Rules, Shmules

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The late George Carlin had this routine that used to be really popular, called the Seven Words You Can Never Say on Television. I never found it to be an especially funny bit, but I did kinda like the rebelliousness of this guy telling me that there are certain words you can’t say—then rattling them off like a machine gun.

I liked it because he was tearing down an arbitrary rule that some people had just made up. They made up these rules, and they expect me to follow them—just because I wasn’t fast enough to make up my own first.

I’ve gotten into a lot of trouble over the course of my life because I tend to question rules. I defy them. Like a five year old. Tell me not to touch that—I’m touchin’ the crap out of it.

YA Author Tom Hoover on Stupid RulesI’ve paid the price for disrespecting rules—been slapped, spanked, punched, fined, fired … the list goes on. I don’t want white wine with chicken when I’m in the mood for red, Emily Post!

The same goes for writing. If I think the best way to get my point across is to use an adverb, I’m using the damn adverb. He said defiantly. Don’t care that Stephen King says I shouldn’t—he never returns my calls anyway. Don’t care that old Sister What’s-Her-Name who taught 4th grade is turning over in her grave looking for a rule to bash my knuckles with. Note the preposition at the end of that sentence—I spit on these rules.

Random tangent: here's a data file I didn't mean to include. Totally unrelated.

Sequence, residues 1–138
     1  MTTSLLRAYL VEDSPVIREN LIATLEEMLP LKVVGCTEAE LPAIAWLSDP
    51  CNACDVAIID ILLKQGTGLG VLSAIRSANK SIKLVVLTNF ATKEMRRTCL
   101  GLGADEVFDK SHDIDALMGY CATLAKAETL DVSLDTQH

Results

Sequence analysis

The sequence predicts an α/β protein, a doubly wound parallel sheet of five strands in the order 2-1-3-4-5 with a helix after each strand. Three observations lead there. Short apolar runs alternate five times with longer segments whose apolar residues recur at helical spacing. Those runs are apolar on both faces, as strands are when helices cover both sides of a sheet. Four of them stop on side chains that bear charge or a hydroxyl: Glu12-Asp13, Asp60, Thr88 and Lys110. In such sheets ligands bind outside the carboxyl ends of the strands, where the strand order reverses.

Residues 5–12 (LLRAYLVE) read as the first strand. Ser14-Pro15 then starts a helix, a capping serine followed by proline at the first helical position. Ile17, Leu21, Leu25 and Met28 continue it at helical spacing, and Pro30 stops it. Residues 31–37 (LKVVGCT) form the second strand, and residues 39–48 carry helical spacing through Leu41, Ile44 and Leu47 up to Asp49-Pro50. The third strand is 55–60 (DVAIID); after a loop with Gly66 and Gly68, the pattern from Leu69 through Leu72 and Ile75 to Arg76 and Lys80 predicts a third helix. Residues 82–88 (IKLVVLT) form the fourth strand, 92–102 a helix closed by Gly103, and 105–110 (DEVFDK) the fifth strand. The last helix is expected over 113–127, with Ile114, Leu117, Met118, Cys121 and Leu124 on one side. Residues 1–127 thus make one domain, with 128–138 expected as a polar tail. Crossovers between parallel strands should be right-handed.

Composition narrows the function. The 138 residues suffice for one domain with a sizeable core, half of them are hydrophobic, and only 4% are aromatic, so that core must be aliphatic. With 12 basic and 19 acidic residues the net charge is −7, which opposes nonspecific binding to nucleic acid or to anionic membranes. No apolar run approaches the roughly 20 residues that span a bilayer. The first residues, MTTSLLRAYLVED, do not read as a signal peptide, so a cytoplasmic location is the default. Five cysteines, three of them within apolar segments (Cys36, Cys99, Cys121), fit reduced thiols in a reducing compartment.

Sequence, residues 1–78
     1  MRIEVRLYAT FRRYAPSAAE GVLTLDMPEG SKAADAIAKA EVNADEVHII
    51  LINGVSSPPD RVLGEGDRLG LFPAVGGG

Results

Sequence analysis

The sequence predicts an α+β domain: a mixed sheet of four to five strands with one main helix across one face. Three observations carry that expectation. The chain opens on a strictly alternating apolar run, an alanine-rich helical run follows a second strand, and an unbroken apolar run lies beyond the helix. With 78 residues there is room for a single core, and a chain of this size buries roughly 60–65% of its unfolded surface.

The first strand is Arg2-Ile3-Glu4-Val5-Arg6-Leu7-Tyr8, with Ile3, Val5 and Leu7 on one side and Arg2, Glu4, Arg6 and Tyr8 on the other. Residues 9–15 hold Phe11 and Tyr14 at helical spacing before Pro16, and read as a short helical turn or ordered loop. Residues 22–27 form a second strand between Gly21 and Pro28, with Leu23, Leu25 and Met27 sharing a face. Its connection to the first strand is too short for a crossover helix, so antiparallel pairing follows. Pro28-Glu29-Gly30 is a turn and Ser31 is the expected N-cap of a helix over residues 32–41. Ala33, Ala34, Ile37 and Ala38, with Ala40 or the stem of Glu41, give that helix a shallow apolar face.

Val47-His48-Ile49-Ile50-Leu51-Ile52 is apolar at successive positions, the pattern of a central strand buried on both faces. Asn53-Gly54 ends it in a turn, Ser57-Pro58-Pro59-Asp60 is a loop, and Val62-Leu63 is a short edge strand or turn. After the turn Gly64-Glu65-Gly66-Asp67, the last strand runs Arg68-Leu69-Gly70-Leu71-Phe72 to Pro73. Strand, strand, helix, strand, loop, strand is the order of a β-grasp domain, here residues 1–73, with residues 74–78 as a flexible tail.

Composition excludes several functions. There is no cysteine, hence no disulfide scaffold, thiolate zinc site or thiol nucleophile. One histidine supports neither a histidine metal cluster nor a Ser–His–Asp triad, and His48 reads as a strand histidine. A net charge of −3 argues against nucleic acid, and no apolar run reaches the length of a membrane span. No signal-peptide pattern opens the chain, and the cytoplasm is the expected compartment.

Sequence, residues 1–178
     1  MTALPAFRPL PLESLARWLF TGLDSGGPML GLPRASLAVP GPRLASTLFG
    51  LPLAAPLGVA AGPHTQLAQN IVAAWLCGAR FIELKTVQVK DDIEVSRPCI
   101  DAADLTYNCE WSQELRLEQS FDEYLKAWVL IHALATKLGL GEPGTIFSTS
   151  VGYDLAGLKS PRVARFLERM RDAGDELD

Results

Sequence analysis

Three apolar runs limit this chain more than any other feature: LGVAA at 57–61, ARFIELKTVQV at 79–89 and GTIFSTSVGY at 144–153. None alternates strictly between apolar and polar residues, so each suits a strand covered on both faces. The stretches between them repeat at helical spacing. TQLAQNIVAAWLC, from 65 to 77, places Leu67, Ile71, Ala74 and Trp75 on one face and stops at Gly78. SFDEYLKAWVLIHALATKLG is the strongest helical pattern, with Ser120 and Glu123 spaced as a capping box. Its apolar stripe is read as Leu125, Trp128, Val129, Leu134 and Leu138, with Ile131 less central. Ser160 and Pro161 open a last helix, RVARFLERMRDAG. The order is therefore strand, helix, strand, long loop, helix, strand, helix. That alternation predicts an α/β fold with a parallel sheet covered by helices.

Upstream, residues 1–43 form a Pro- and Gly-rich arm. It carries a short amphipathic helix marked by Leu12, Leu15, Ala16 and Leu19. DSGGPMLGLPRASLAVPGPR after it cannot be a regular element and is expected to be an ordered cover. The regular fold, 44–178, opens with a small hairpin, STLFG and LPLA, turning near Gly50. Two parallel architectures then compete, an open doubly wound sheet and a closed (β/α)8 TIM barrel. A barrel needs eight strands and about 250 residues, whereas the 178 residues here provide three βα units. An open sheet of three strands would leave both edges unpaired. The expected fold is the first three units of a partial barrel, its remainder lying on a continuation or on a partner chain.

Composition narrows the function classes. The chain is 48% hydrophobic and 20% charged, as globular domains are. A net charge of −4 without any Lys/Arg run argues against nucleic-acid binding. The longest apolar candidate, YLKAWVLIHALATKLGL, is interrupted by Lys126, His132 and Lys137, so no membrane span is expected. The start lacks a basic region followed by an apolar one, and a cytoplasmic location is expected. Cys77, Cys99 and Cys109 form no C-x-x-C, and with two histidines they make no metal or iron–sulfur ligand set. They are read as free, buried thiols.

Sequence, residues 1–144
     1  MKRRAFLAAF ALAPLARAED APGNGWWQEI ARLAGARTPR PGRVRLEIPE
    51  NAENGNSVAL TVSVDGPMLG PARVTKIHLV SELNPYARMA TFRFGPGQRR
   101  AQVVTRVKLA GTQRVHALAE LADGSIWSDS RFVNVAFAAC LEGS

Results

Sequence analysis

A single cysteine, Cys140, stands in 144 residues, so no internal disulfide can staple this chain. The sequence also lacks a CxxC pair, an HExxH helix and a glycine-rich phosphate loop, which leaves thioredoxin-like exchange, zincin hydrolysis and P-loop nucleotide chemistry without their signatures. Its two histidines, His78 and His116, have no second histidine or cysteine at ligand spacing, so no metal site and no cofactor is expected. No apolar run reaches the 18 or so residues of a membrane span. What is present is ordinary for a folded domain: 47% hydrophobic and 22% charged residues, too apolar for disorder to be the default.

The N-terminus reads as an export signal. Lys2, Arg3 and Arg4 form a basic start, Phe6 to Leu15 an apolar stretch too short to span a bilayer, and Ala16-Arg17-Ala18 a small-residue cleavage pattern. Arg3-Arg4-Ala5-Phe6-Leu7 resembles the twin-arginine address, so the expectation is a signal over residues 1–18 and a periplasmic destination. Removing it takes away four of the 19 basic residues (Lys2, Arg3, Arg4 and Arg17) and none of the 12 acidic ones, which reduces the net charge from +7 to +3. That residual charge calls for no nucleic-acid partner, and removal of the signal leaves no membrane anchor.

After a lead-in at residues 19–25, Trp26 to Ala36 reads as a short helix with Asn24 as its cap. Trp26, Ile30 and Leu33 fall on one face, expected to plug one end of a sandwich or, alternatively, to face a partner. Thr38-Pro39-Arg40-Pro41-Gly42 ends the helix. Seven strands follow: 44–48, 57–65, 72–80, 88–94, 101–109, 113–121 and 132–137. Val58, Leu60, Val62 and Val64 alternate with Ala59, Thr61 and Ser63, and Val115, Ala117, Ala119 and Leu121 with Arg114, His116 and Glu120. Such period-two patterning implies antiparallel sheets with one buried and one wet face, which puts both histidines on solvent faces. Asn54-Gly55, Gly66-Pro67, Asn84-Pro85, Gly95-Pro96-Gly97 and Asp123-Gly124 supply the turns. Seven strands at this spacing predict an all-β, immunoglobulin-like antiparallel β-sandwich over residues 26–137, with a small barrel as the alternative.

Don’t get me wrong. I don’t hate all rules—I’m not an anarchist. There are a lot of good rules. For instance, don’t kill people … that’s a great rule. It protects me and the idiot in front of me in the grocery store checkout line.

Don’t take other people’s stuff is another exceptional rule. Kudos. I like my stuff, and if ever there comes a time I don’t, I’ll give it to you. You don’t have to take it. I’ll even wrap it—that’s just how I roll.

You know how you can tell the good rules from the stupid made-up ones—assuming you haven’t read this blog? Of course, if you’re not reading this blog, then why am I talking to you?

Sorry. Digressing.

But you know how you can tell? There’s police and laws and courts and stuff. There’s even citizen’s arrests.

Besides Sister What’s-Her-Name, and a couple really disturbed writers who I’ve met over the years, you know who’s the adverb police?

Nobody. I yell it loudly. Defiantly. Repetitively redundantly.

It’s a preference. A made-up rule.

And don’t even get me started on dialog tags. At least not until the next blog.

For those keeping score, we call this a rant.

Everybody likes a good rant. One of the strengths of the TV show, Community, in its funny seasons, was the main character’s rants.

I could have been on Community.

I just said seven words too many.

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